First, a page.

While not a restaurant itself, Goldbelly does ship food created from many destination restaurants on most foodies? food lists. I have ordered succulent ham from arguably the most successful female pitmaster, Melissa Cookston, who is a two-time Memphis in May World Grand Champion and five-time Whole Hog Champion, via her Memphis Barbecue Company, as well as pulled pork from six-time Pork Shoulder Champion Chris Lilly’s Big Bob Gibson Bar-B-Q. I’m even willing to ante up for the additional $20 to $35 extra shipping cost to the 50th, which is a lot cheaper than a round- trip ticket. Late last year, Goldbelly also highlighted foods from Asian chefs:
Dinnerware for your take-out
If you decide to support local restaurants by ordering regular take-out, you can dine-in straight from the take-out containers or you can zhuzh-up your meal by dining from handmade ceramics. Two of my favorite locations are right in the heart of San Francisco’s Japantown. Ever since I found those aluminum rice pots that only Mom Tatsumoto still uses, I always make a trip to Soko Hardware (1698 Post St.) to either purchase omiyage or a new cooking implement for my own kitchen. Another obligatory stop is Sanko Kitchen Essentials (1758 Buchanan St.), where I always brought back another happi coat for home use. While they just sell kitchenware now, I still make that last visit before returning to the 50th.
For handmade pottery where you actually meet the artisans, Thomas and Kathy Arakawa create vases and dinnerware in San Jose. If you’ve been confined to working from home during the pandemic, nothing brightens the day more than a simple flower arrangement in a handmade vase.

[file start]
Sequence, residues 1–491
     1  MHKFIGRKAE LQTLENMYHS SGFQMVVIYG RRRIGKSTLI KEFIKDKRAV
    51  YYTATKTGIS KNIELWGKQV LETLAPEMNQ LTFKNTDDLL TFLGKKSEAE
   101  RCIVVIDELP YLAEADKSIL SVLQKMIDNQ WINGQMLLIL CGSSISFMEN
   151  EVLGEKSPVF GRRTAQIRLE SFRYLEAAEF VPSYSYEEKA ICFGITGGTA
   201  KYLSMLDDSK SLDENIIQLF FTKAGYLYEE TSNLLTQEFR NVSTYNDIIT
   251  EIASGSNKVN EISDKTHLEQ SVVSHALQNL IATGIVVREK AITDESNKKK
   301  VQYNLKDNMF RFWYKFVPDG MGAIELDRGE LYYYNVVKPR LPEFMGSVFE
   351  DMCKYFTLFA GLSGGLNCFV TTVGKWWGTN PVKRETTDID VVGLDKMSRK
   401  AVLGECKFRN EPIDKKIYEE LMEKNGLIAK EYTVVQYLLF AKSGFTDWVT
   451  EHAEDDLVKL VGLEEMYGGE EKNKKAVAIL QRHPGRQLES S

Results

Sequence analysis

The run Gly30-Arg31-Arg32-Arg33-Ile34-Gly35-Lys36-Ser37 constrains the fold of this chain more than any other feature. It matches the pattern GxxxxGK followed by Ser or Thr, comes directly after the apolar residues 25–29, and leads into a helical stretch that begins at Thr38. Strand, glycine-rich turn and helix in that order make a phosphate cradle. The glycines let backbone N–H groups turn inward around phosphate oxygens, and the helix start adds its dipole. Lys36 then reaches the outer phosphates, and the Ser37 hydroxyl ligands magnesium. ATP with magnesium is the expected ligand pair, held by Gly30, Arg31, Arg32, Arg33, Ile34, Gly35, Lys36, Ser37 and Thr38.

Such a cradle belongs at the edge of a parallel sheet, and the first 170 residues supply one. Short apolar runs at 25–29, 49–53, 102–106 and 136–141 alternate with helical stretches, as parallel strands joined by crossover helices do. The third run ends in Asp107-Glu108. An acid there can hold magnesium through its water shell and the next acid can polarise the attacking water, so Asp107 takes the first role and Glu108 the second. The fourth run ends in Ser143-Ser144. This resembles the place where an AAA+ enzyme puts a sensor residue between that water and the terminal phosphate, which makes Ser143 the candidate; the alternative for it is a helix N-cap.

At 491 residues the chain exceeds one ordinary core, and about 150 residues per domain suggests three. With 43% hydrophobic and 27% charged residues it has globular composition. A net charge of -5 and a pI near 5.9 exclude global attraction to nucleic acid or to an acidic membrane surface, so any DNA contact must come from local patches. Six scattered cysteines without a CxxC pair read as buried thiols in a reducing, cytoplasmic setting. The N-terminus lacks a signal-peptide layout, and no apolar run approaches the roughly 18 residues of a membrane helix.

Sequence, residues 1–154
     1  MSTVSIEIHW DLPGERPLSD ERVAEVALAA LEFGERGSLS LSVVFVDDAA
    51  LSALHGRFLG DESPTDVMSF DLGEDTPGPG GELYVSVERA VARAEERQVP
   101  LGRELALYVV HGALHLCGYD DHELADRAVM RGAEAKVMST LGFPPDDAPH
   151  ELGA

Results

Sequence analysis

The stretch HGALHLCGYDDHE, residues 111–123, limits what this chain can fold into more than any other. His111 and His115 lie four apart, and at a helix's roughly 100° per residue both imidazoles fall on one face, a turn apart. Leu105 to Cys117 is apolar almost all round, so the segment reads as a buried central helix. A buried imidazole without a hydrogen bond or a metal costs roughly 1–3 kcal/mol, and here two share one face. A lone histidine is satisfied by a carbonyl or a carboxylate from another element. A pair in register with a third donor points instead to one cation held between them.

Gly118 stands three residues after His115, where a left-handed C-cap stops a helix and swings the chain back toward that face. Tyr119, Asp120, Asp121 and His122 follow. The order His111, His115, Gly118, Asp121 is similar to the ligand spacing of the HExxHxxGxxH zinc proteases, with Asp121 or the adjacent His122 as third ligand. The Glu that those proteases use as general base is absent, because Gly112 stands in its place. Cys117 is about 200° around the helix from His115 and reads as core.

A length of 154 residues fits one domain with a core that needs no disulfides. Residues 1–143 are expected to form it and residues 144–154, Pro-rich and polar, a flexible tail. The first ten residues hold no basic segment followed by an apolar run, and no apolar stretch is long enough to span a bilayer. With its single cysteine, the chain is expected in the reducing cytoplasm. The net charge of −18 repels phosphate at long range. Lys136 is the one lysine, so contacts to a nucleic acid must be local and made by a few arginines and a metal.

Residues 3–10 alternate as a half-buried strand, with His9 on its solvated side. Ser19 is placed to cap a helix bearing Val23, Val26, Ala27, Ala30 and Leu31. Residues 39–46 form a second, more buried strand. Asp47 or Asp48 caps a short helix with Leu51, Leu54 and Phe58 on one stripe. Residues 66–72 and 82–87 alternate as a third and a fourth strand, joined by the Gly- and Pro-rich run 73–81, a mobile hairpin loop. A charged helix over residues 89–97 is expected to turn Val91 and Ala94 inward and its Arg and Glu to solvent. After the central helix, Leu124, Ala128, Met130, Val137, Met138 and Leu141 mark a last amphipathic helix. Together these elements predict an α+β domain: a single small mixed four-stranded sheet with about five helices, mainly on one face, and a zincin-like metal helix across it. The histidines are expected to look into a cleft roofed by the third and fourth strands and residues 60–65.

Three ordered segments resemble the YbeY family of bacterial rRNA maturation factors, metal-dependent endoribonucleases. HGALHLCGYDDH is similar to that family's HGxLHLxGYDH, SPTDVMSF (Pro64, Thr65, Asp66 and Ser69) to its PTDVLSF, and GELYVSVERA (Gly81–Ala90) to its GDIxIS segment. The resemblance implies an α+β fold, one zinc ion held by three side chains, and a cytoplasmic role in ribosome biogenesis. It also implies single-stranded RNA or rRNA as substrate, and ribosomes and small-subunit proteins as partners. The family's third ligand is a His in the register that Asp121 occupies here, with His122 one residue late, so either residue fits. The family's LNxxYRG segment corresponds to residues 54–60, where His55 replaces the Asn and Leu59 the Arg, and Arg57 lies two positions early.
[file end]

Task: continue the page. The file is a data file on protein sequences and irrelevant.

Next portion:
5588 Sweigert Road,
San Jose, CA 95132
The husband and wife team of Mikio Matsumoto and Cheryl Costantini have been creating vases, dinnerware and home d’cor out of Sebastopol, Calif. for more than 35 years. Due to the ongoing pandemic, they are currently selling their pottery through Etsy.
1991 Burnside Road,
Sebastopol, CA 95472
And since you might visit their Etsy page, I’ll also give a shameless plug for my niece; Amy Kealoha Hiraki, who creates scrunchies from her HelloStitched Etsy page: https://www.etsy.com/shop/HelloStitched.
And while I’m shamelessly highlighting family, I’ll also shamelessly plug the two publications that I write monthly food, wine and nutrition columns for:
Nichi Bei Weekly
1832 Buchanan St., #207,
San Francisco, CA 94115
917 Kokea St.,
Honolulu, HI 96817
Both publications offer both print and digital subscriptions that make EXCELLENT gifts and because the Nichi Bei Foundation is a nonprofit, any donation is likely tax deductible.
So even with Ebenezer COVID still with us, we can still make Merry!
The Gochiso Gourmet is a column on food, wine and healthy eating. Ryan Tatsumoto is a graduate of both the University of Hawai’i and UC San Francisco. He is a clinical pharmacist during the day and a budding chef/recipe developer/wine taster at night. He writes from Kane’ohe, HI and can be reached at
firstname.lastname@example.org. The views expressed in the preceding column are not necessarily those of the Nichi Bei Weekly.